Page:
The Isle of Man is not part of the United Kingdom but rather is a crown possession (since 1828) that is self-governing in its internal affairs under the supervision of the British Home Office.
The Isle of Man is about 30 miles (48 km) long by 10 miles (16 km) wide, its main axis being southwest to northeast. It has an area of 221 square miles (572 square km).
The island consists of a central mountain mass culminating in Snaefell (2,036 feet [621 m]) and extending north and south in low-lying agricultural land. Man’s coastline is rocky and has fine cliff scenery.
The grass-covered slate peaks of the central massif are smooth and rounded as a result of action during various glacial periods. The island’s landscape is treeless except in sheltered places.
To the southwest lies an islet, the Calf of Man, with precipitous cliffs, which is administered by the Manx National Heritage as a bird sanctuary.
The climate is maritime temperate, with cool summers and mild winters. The average mean temperature in February is 41 F (4.9 C) and is 58 F (14.3 C) in August. The average annual rainfall is 45 inches (1,140 mm). The native flora and fauna are of little interest, but the domestic Manx cat, a distinctive tailless breed (see photograph), is traditionally believed to have originated on the island.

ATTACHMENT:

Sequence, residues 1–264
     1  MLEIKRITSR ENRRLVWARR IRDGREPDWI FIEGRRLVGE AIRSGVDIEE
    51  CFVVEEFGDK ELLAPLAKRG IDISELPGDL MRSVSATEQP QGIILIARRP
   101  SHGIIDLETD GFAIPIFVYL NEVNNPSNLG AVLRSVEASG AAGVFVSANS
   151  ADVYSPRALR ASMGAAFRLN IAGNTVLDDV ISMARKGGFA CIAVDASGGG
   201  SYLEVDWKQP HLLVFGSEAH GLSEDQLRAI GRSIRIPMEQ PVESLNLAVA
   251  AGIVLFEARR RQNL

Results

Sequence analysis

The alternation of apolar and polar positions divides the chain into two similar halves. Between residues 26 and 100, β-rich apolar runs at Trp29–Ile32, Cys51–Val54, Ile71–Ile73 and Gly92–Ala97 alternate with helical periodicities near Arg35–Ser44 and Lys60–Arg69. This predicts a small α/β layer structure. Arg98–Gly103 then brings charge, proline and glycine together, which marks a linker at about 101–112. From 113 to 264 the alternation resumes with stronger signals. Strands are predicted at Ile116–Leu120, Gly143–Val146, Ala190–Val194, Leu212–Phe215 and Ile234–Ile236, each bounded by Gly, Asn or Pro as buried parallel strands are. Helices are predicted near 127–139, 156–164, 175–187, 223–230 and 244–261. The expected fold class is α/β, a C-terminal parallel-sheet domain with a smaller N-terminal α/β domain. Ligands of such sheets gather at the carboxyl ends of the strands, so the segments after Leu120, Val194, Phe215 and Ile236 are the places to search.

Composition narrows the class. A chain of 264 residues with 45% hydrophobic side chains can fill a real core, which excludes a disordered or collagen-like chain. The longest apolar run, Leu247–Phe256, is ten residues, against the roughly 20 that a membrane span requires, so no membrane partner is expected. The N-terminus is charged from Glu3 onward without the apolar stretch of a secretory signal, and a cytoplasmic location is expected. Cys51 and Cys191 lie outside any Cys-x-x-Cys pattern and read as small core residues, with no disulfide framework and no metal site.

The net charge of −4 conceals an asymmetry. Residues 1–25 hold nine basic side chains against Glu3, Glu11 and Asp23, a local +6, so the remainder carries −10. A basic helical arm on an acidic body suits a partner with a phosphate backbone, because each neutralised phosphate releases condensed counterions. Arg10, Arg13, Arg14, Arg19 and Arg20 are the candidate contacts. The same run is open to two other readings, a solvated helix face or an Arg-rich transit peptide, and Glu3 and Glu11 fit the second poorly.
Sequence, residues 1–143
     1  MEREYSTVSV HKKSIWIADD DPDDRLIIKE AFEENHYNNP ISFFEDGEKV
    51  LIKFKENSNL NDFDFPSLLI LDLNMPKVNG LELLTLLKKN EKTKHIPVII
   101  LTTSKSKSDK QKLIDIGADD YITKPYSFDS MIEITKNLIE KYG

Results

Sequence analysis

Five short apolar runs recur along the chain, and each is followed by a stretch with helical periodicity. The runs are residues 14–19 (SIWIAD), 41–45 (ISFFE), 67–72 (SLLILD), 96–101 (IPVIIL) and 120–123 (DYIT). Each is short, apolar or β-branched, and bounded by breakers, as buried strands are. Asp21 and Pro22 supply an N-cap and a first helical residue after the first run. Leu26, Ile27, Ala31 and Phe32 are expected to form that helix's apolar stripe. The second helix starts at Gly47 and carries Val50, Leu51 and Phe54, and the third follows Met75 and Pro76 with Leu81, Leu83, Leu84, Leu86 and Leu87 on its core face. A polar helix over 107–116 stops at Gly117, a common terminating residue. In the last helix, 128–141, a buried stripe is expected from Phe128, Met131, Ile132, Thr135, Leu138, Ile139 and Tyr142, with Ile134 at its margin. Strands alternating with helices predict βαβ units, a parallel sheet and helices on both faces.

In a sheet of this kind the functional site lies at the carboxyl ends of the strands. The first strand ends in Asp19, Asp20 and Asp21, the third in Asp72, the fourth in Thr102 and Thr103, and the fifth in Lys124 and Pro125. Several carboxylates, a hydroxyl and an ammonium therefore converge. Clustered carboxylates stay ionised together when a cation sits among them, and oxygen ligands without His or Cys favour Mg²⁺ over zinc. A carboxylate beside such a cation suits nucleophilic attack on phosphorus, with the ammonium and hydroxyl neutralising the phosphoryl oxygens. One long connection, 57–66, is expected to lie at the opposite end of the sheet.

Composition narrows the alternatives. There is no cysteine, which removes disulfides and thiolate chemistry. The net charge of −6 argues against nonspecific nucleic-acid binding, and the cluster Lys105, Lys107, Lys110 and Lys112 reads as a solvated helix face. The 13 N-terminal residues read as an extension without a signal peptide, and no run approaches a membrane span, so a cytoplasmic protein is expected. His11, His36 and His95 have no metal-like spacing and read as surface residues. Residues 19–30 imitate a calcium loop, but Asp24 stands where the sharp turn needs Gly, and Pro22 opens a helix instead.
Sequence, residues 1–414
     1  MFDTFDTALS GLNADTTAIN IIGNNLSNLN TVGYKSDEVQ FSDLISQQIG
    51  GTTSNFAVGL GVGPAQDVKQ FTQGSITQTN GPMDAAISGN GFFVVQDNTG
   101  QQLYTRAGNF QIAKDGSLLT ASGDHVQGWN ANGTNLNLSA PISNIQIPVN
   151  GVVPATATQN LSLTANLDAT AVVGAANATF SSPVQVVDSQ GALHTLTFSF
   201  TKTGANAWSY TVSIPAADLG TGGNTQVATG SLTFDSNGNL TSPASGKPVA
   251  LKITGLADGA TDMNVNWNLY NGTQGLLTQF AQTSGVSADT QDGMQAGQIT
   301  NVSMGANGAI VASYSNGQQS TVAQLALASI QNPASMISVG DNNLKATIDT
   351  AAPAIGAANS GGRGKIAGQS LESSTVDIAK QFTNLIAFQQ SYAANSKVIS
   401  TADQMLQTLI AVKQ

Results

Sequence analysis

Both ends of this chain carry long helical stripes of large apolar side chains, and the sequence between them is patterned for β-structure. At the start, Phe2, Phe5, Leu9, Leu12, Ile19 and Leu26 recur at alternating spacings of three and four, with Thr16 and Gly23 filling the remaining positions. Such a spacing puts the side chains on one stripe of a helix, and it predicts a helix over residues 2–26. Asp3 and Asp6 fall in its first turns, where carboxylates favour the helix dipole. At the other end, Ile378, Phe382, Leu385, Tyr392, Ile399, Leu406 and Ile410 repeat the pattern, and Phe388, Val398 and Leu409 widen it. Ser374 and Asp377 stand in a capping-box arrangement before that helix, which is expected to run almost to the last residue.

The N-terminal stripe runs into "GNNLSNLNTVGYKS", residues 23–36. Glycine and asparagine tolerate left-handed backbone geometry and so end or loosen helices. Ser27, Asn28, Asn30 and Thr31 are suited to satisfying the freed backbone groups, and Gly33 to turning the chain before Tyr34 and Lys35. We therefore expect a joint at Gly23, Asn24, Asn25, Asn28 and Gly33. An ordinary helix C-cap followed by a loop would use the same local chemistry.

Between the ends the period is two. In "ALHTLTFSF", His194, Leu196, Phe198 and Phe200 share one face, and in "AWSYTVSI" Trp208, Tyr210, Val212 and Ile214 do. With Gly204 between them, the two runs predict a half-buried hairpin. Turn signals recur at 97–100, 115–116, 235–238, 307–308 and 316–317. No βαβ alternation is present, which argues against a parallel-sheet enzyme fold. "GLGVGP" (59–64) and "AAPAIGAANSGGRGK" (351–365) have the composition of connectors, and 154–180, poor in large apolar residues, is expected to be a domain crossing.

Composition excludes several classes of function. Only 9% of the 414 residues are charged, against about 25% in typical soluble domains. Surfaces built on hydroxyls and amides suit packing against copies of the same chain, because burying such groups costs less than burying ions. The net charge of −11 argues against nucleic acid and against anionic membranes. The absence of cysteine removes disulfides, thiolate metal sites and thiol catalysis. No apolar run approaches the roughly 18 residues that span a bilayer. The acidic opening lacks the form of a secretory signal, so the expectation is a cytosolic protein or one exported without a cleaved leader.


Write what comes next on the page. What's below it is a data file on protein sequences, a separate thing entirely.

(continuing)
The Isle of Man has been inhabited by humans since the Mesolithic Period. It became the home of many Irish missionaries in the centuries following the teaching of St. Patrick (5th century AD).
Among its earliest inhabitants were Celts, and their language, Manx, which is closely related to Gaelic, remained the everyday speech of the people until the first half of the 19th century.
The number of Manx speakers is now negligible, however. Norse (Viking) invasions began about AD 800, and the isle was a dependency of Norway until 1266.
During this period Man came under a Scandinavian system of government that has remained practically unchanged ever since.
In 1266 the king of Norway sold his suzerainty over Man to Scotland, and the island came under the control of England in 1341.
From this time on, the island’s successive feudal lords, who styled themselves “kings of Mann,” were all English. In 1406 the English crown granted the island to Sir John Stanley, and his family ruled it almost uninterruptedly until 1736.